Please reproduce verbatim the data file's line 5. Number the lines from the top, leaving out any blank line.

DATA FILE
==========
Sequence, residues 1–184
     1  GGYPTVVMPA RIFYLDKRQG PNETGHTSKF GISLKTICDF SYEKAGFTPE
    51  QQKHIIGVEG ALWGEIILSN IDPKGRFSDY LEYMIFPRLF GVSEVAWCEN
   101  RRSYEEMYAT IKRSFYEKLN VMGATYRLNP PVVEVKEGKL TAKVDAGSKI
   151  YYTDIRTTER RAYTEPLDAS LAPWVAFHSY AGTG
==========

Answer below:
   151  YYTDIRTTER RAYTEPLDAS LAPWVAFHSY AGTG